12:05-12:20 A toolbox of ocean-related educational activities tells the 10 years story of project M.A.R.E. Stéphanie-Fabienne Lacombe, Marine Protected Area Punta Campanella, Italy
12:20-12:35 Advancing Scientific Dive Training and its Role in Marine Higher Education Edd Stockdale, University of Helsinki
12:35-12:50 Meaningful ocean education: creating educational resources that promote ocean literacy, cross-curricular learning, and collaborative relationships Danielle Crowley, Marine Institute's Explorers Education Programme, Ireland
12:50-13:50 Lunch Break  
  Flash presentations  
13:50-13:55 Floating Classroom Sibéal Regan, Irish Whale and Dolphin Group
13:55-14:00 Opening the door of the ocean to students : the educative inputs of oceanographic campaign Héloïse Caraty, Sorbonne University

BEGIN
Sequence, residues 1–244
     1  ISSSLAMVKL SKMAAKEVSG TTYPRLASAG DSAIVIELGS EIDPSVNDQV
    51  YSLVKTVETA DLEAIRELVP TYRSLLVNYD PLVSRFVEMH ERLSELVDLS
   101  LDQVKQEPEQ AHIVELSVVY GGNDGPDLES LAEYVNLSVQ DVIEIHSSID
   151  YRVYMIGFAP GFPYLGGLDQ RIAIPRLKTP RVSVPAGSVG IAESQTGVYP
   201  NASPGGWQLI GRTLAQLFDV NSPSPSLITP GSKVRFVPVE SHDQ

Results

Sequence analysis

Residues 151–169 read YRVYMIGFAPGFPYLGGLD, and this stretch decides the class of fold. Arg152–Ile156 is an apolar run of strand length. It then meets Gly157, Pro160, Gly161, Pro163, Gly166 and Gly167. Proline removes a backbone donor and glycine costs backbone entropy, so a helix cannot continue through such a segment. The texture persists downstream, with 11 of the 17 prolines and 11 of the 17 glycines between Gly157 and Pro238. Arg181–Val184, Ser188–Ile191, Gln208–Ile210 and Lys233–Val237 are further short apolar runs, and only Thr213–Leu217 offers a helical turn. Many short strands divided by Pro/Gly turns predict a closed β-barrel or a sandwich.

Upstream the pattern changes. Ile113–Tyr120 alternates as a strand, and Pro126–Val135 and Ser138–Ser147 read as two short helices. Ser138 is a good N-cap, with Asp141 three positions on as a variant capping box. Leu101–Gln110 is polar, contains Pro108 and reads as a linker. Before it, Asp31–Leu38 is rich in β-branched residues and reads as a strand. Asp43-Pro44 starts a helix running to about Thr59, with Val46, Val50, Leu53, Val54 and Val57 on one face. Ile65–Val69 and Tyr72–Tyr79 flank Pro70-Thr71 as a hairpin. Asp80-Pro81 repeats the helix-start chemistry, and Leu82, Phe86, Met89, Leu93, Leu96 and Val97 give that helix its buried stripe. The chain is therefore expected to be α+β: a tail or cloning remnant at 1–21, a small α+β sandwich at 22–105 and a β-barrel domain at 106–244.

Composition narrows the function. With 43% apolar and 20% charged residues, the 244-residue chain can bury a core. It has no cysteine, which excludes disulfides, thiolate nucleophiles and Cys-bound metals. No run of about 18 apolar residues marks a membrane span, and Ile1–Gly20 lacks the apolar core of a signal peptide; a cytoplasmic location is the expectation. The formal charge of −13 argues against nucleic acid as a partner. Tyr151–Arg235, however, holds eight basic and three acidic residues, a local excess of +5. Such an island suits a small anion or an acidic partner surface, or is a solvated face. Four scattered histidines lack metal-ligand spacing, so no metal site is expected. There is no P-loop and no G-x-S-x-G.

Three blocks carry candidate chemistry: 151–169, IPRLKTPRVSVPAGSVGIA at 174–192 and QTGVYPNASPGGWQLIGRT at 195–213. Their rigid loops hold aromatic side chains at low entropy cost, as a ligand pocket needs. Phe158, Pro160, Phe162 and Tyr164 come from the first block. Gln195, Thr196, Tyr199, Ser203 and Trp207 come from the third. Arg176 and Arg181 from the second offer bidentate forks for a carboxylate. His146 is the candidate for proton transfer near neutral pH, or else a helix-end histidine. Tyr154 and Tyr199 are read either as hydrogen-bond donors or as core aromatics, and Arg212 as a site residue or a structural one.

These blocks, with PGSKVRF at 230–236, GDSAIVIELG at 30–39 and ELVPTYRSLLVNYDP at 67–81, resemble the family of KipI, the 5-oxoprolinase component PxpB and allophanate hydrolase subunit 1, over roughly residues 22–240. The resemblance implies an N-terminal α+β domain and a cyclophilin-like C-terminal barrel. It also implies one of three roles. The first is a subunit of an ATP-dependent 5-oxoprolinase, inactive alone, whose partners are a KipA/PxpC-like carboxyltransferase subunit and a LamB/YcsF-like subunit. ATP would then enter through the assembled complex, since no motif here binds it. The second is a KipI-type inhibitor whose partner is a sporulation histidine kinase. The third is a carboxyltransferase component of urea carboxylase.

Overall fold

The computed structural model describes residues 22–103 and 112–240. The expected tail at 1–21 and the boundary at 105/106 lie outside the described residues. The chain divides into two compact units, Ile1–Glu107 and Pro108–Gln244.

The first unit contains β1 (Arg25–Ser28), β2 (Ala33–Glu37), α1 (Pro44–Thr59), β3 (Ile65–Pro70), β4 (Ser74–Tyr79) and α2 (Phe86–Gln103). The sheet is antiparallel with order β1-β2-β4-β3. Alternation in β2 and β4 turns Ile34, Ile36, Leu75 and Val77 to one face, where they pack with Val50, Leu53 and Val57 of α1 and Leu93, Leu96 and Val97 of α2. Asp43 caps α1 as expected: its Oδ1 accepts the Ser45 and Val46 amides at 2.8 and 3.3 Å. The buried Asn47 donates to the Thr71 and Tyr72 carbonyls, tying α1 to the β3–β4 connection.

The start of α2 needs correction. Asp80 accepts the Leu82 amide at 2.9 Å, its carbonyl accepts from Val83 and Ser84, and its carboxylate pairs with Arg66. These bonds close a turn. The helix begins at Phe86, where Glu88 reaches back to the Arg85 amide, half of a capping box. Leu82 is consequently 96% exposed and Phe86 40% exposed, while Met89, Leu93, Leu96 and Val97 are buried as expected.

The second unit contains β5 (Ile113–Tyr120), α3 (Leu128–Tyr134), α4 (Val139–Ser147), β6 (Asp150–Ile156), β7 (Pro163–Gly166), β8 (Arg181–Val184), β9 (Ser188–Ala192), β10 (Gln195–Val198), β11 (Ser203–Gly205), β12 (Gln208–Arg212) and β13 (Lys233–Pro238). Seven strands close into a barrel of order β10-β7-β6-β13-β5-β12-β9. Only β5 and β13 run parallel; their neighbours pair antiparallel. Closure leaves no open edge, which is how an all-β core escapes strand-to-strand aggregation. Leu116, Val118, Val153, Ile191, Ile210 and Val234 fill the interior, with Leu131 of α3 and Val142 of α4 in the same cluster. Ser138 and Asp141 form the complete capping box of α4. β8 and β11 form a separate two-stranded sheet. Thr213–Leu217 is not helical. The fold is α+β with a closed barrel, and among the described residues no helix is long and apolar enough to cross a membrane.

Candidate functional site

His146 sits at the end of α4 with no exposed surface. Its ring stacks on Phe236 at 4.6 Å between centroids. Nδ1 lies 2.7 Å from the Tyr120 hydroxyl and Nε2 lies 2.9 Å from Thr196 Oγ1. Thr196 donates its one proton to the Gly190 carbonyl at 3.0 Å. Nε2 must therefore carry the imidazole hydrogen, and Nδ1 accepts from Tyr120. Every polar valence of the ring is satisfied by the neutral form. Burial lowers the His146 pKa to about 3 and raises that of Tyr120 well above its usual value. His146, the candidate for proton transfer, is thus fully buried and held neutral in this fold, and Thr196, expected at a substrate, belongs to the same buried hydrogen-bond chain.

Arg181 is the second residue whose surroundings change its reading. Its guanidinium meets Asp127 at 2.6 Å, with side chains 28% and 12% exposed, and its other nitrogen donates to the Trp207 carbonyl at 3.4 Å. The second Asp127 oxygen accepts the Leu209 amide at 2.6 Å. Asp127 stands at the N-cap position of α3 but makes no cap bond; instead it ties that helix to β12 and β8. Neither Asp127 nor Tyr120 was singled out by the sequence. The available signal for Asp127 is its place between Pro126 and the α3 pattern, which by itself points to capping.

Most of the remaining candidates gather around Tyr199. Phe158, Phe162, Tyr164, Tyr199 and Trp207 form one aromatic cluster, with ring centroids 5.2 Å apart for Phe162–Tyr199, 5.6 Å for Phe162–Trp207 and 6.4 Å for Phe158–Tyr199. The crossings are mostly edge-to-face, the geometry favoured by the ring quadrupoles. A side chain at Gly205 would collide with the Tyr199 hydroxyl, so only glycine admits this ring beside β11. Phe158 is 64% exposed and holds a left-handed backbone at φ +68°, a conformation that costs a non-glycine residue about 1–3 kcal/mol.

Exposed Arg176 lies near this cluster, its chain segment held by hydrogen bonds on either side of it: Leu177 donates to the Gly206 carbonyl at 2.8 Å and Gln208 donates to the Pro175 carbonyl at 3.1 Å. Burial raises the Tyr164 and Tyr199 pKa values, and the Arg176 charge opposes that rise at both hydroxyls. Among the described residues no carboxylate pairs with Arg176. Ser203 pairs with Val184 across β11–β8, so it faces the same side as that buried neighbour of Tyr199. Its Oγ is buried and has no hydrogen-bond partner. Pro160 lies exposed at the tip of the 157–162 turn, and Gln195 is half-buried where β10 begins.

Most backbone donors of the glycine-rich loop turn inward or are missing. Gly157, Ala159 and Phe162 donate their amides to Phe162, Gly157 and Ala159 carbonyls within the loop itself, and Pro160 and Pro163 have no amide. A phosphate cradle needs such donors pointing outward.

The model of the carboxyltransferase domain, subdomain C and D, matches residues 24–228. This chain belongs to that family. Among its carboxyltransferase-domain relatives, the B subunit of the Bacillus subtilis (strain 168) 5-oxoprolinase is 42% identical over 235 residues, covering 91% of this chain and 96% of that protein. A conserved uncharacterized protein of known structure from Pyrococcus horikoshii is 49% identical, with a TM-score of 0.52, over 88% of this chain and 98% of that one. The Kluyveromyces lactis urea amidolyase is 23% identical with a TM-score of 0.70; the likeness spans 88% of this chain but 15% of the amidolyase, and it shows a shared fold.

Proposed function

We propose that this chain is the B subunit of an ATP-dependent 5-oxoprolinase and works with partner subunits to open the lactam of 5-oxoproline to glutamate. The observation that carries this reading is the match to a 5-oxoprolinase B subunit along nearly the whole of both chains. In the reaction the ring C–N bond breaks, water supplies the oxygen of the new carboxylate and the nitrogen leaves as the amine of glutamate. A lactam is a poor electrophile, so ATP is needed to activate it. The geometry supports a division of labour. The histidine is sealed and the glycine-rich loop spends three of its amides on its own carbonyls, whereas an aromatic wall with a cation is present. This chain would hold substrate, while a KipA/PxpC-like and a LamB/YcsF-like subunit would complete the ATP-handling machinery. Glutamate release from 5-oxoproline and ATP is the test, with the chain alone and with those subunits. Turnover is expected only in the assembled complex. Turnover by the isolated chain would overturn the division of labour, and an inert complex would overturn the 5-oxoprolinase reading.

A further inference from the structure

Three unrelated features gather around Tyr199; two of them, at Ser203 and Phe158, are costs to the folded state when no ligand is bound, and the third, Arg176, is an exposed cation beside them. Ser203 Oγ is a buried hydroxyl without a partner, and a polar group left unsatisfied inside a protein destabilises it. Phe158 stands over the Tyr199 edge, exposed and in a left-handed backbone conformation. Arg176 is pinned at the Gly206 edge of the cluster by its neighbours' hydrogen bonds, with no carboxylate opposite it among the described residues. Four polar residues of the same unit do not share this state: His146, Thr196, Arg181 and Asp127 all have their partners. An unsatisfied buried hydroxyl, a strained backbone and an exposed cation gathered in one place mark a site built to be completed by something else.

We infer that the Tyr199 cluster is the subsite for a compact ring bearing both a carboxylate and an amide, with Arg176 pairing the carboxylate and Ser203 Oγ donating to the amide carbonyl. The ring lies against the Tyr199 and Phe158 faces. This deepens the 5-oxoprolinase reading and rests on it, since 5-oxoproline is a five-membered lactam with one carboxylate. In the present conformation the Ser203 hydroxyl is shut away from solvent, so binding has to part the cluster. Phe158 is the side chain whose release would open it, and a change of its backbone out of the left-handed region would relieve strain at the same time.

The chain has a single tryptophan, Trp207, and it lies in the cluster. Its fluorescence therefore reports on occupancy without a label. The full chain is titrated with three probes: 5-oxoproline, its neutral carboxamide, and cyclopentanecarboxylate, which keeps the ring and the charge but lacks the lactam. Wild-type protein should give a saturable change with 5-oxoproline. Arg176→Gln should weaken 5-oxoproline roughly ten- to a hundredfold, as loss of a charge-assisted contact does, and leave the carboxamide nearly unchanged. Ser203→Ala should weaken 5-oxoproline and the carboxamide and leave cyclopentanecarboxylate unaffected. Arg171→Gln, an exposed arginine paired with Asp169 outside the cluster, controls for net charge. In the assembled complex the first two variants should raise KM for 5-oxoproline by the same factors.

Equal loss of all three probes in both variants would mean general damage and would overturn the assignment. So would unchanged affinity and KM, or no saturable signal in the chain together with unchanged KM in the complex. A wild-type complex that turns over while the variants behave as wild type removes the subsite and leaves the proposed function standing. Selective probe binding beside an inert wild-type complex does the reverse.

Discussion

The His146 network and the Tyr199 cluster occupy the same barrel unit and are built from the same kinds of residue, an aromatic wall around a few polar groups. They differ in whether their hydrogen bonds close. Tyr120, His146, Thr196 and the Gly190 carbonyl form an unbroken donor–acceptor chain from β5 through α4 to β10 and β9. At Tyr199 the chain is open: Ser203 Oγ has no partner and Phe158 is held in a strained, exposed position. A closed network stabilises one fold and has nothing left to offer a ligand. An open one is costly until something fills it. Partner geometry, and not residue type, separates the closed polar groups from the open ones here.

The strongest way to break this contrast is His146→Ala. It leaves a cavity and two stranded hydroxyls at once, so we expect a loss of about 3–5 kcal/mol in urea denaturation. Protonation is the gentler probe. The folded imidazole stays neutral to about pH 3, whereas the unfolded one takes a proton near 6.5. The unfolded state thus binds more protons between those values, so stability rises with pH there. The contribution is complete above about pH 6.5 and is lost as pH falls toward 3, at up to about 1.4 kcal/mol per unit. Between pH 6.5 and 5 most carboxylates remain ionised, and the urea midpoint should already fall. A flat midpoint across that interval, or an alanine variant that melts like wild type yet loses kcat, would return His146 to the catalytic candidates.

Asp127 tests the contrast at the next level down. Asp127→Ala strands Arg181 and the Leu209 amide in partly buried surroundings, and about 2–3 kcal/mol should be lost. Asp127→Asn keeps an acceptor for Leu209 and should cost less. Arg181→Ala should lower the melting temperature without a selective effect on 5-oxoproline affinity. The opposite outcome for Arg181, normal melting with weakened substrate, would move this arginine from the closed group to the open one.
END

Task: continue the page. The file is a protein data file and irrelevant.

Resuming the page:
14:00-14:05 Developing principles and concepts about seagrasses Chrysa Apostoloumi, Democritus University of Thrace
14:05-14:10 Developing an educational guide about the coastal lagoon ecosystem, its value and protection Theodoros Kevrekidis,  Democritus University of Thrace
14:10-14:15 Floating universities: a high-valuable experience for marine students Baptiste Ozanam, Sorbonne University
14:15-14:20 ‘I can see the sea!’ – Blue Health to improve the wellbeing of communities from a medical student perspective Yohanna Yared, University of Bristol 
14:20-14:25 The french Marine Universities Network: bridging marine higher education in France, Europe and abroad François Lallier, Sorbonne University
14:25-14:30 Cambodia and marine sciences: a sea of opportunities and needs Dr. Francesca Passotti, Ghent University
14:20-14:25 Developing green skills in Nautical Tourism Evelina Idini, German Ocean Foundation
14:35-15:00 Coffee Break  


Pick’n’mix Reusable Learning Objects
Seán Daffy, Atlantic Technological University

Dive in! It’s a Design Dash!
Orla Skehill, Atlantic Technological University

How to make blended teaching super fun and exciting